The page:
Naturally, the childhood inventor took a stab at engineering school when he was 18, but he freaked out after a week and opted to go to Los Angeles and try his hand at filmmaking. In 2003, around the time he first began work on the script for Bellflower, Glodell met actors Tyler Dawson and Jessie Wiseman while attending a series of shotgun theater performances in L.A., and soon recruited them into his movie gang. The trio collaborated on several demented short films and commercials. “We did a webisode called Boss of the Glory that’s a really weird version of I Love Lucy where he’s a really crazy, over-the-top manly motorcycle dude and I’m weirdly housewife-ish, and Tyler plays the postman,” recalls Wiseman. In another short, the actress had to act like she was eating a doll head with a safety pin through it on a cracker. “I think I was cast [in Bellflower] because I would honestly do whatever,” laughs Wiseman.
They began to raise money for Bellflower in late 2007, but nobody bit. By then, their crew had swelled to 11 people, and the determined outfit decided to finance the project themselves on a microbudget of $17,000. Many of the crewmembers quit or were fired from their jobs in order to work on the film, and Glodell and Dawson even moved into an abandoned office building in Oxnard, California, which had been used to test military rockets. “There were times where we’d be so broke we were stealing fruit from the local orchard to eat,” Dawson told The Daily Beast.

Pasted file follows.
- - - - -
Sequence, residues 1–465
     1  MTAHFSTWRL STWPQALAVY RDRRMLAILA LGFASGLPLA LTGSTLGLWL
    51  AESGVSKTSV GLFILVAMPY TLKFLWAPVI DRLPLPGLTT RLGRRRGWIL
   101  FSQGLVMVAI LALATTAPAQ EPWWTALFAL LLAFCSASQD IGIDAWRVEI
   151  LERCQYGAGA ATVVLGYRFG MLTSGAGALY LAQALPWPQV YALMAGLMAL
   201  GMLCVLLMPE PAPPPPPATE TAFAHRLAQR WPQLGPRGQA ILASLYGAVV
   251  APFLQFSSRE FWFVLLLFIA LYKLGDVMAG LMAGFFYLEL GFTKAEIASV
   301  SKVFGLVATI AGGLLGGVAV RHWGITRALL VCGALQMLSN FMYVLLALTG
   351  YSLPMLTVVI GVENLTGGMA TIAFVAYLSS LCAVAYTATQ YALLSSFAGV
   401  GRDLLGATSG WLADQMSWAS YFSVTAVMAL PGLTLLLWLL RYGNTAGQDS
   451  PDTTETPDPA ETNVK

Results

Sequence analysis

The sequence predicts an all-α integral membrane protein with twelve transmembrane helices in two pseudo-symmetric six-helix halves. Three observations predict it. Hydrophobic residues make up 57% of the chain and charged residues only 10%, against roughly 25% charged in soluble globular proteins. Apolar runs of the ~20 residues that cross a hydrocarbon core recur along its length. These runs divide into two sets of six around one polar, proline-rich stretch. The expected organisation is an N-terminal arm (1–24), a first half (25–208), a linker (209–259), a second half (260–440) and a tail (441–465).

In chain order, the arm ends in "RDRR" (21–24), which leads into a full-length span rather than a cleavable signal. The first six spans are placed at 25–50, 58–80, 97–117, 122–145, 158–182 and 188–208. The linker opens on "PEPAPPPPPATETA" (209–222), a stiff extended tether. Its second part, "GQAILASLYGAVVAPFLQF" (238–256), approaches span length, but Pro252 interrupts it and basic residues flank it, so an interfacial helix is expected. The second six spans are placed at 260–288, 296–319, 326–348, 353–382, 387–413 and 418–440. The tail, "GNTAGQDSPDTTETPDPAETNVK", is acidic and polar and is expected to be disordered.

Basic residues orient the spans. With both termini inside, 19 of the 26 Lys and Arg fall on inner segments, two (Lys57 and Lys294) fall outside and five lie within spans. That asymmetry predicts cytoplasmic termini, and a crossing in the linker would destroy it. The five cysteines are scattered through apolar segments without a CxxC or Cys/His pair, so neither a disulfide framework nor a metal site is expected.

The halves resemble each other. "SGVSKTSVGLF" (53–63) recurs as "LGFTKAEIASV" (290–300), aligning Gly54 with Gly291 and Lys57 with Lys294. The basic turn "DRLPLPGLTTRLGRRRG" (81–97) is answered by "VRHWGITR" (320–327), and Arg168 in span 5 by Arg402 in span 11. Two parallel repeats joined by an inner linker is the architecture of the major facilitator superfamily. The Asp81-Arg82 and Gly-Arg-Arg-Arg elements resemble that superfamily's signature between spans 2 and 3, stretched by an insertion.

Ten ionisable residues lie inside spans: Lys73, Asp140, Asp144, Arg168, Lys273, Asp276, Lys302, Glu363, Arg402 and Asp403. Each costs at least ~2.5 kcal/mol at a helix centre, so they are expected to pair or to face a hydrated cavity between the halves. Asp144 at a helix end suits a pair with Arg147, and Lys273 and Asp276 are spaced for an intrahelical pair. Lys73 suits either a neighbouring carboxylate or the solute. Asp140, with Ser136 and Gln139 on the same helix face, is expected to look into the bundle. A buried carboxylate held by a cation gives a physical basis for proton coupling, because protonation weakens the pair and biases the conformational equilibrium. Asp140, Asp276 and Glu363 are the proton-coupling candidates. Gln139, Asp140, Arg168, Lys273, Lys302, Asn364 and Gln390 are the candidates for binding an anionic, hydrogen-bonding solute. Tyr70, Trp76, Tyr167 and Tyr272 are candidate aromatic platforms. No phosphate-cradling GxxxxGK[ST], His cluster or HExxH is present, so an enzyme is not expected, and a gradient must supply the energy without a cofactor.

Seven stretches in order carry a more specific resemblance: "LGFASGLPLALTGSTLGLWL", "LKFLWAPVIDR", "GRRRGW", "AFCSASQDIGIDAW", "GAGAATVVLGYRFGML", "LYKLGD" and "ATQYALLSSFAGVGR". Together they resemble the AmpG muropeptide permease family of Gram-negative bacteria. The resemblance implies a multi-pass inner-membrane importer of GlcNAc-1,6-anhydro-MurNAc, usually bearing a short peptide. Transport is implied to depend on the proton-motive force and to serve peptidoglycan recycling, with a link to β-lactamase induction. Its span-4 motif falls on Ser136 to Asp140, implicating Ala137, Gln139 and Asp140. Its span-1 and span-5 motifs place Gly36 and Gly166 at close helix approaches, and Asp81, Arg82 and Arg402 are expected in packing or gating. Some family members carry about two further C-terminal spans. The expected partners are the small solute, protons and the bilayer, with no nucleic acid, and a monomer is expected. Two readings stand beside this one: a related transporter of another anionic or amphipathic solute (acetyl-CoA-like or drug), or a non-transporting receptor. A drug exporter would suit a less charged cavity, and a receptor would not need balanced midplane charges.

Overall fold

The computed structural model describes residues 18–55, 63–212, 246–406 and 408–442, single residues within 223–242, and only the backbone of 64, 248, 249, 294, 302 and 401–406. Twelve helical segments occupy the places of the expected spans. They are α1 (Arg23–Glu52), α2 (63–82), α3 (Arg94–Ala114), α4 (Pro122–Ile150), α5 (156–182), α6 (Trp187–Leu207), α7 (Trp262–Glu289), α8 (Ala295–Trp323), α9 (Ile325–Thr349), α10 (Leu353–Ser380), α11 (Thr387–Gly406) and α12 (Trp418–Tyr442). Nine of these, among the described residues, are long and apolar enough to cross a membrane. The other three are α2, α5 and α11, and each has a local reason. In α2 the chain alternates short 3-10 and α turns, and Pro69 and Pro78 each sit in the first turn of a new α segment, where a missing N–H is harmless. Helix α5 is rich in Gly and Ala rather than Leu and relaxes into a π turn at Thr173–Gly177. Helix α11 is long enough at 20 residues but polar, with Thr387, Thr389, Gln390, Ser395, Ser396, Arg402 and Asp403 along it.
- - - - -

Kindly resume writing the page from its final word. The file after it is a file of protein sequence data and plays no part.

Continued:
Production on Bellflower lasted three years, including a chaotic 90-day shoot that saw the actors risking everything to realize their vision. “When it came to the movie, I was willing to do anything that I thought wouldn’t kill me,” said Glodell. This included, among other things: Wiseman eating several handfuls of crickets and the filmmaker enduring multiple punches to the face. “[The actor] didn’t want to hit me that hard, so every time he wouldn’t I screamed, ‘You have to hit me harder!’” said Glodell.
The biggest scare, however, came when they had to shoot the scene where Woodrow’s muscle car, the Medusa, shoots flames from its exhaust pipes. Glodell built the car himself, but wasn't entirely confident in his creation. “Evan actually took me aside that night and was worried he didn’t know what was going to happen. That’s something that he never does,” said Dawson. “We thought the flames were going to go back into the exhaust and light the car on fire, which actually happened, but it wasn’t that bad. We just set the trunk on fire.”
In order to achieve the film’s distinctive hazy, yellow-red palette—similar to Tony Scott’s in films like Man on Fire and Domino—Glodell, who’s been building and modifying movie cameras for nearly a decade, constructed several new cameras for the shoot. According to Glodell, 85 percent of the film is shot on cameras he built, including a large-form 4x5 camera that he invented for a single shot. “Nobody’s ever seen that before,” chuckled Glodell. “That was built just for the steadicam shot where I’m covered in blood.”
Woodrow spends the final third of Bellflower in a brain-damaged state, and since the events are seen largely from his perspective, it leads the character—and the viewer—to question whether the bloody revenge he exacts on Milly and her lover is fantasy or reality. “The entire idea of that part of the script was to find a way to illustrate what it’s like to have your heart broken and endure an experience like that,” said Glodell, who takes a rare pause. “Watching a character go through that in a normal way is boring.”